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Netflix’s path to becoming a giant started 15 years ago today

Netflix streaming is entering its anxious teen years as today marks 15 years since it launched its streaming services. It’s easy to forget how things were before the streaming era, but if you had a Netflix subscription a decade and a half ago, that meant paying a monthly subscription for a rotation of DVDs shipped to your door.

But while things are vastly different these days and Netflix has become a juggernaut in the entertainment world, even then the chatter was all about Netflix’s competition – although in this case instead of Amazon, Apple and Warner Discovery: it was Blockbuster .

Go through this New York Times article about Netflix “delivering movies to the PC” when the service launched in 2007 is like peering into a time capsule from another world. Remember, until now, Netflix’s way of disrupting the entertainment world has been through logistics.

If you rented DVDs (and formerly VHS tapes) from Blockbuster, you normally paid per rental and suffered the fear of hefty fines if you didn’t return on time. Netflix instead sent DVDs to people for subscription, without fear of late payment penalties – the secret sauce that spelled doom and many lost profits for Blockbuster.

You can actually still subscribe this Netflix service, despite the site giving off some odd, knock-off vibes until you see the branding “A Netflix Company” below the site’s logo. But before DVDs became a quiet service for – I assume – people with poor internet connections, older folks used to physical media, or just the absolute sick, streaming video from Netflix was a pretty limited affair.

At launch, only 1,000 movies and TV shows were available to stream, compared to the 70,000 DVD titles it had at the time. And streaming anything on your PC (remember, it wasn’t possible on a phone or tablet) came with limitations unheard of in our binge-watching world today:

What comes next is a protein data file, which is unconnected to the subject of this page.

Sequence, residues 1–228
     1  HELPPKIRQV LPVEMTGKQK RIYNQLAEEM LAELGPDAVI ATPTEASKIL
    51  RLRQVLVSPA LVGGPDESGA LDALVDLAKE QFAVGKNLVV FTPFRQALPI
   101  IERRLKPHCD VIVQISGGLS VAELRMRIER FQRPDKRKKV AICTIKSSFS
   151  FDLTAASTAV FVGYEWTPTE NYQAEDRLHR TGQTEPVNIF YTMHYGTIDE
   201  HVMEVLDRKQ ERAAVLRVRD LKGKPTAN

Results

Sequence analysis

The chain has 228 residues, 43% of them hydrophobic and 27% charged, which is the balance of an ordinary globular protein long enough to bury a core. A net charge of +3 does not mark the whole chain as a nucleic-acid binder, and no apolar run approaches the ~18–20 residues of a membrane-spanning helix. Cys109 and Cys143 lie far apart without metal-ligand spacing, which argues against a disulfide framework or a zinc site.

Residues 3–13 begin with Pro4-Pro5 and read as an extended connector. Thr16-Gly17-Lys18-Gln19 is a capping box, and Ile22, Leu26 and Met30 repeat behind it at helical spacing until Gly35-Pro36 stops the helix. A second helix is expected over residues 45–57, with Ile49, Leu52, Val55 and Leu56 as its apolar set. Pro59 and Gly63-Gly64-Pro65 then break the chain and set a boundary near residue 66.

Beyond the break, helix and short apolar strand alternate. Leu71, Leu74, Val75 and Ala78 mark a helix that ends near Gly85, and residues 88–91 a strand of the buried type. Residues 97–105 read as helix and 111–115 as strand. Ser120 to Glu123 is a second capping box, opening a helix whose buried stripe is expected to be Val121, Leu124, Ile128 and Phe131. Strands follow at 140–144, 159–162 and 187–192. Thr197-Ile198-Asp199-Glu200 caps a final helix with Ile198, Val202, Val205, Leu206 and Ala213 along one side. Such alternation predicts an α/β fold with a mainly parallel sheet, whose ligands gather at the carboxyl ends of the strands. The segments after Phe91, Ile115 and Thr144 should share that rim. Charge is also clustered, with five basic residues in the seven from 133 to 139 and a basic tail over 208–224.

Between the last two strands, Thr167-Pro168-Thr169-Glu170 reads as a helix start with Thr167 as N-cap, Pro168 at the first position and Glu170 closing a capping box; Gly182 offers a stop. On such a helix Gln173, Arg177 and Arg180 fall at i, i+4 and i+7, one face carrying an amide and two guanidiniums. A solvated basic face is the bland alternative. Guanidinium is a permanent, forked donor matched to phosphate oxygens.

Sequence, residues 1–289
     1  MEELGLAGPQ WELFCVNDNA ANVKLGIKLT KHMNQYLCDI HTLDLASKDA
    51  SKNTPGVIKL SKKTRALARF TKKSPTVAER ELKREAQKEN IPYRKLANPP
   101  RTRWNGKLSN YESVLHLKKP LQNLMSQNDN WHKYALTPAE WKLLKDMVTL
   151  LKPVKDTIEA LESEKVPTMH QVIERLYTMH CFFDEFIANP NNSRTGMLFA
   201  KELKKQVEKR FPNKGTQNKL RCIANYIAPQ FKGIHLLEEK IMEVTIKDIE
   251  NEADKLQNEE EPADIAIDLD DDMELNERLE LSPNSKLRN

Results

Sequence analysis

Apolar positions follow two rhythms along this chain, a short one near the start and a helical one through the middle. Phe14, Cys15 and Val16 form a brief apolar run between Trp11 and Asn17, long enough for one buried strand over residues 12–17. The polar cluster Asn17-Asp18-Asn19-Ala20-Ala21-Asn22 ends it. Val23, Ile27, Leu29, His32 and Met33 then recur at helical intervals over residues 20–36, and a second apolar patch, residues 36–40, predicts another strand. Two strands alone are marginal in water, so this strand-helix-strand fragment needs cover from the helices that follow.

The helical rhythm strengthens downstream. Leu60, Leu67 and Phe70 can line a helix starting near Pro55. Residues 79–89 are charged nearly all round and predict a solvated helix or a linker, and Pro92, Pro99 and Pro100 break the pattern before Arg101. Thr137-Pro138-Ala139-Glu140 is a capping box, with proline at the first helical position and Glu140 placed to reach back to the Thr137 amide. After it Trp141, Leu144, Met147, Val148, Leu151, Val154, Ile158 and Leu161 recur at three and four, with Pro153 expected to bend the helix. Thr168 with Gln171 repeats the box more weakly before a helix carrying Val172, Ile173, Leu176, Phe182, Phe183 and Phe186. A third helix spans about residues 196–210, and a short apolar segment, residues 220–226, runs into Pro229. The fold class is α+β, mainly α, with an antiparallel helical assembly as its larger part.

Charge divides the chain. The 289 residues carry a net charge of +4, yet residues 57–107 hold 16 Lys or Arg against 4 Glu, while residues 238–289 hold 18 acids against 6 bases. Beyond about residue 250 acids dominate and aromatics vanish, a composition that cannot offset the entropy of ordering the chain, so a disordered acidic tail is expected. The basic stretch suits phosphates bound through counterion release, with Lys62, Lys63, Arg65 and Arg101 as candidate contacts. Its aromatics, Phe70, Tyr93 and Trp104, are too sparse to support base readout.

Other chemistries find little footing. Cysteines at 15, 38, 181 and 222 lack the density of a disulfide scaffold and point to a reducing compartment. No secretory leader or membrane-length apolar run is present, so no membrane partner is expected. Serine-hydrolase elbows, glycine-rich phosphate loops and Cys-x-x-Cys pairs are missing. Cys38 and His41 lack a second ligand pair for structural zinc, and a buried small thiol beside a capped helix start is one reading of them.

The majority of Netflix subscribers, who pay $18 a month and are always allowed to keep three movies at home, get 18 hours of free viewing every month. Those with cheaper plans will have fewer free hours and those with premium services will receive more.

Looking at more of these vintage bangers from the New York Times article, it’s sobering (and hilarious) to recall that, in the early years of Netflix, the whole concept of movies or TV shows that didn’t have object permanence on a physical DVD or the spinning disks of your hard drive was absolutely new :

Netflix is ​​introducing a service to send movies and television shows directly to users’ PCs, not as downloads, but as streaming video, which is not kept in computer memory.

If during today’s little anniversary you’re wondering how the hell did a logistics company become an entertainment industry juggernaut now known for winning Academy Awards instead of shipping discs, check out season two of the podcast Land of the Giants from Recode and Vox. The seven part season, The Netflix effectcovers the rise of the tech company and the sea change that helped start it 15 years ago.

Imagine doom scrolling on Netflix and then wait three days before you can watch what you finally selected. Let us know in the comments if you used to get those red Netflix mailers at your door, and be sure to tell us if you do Still.

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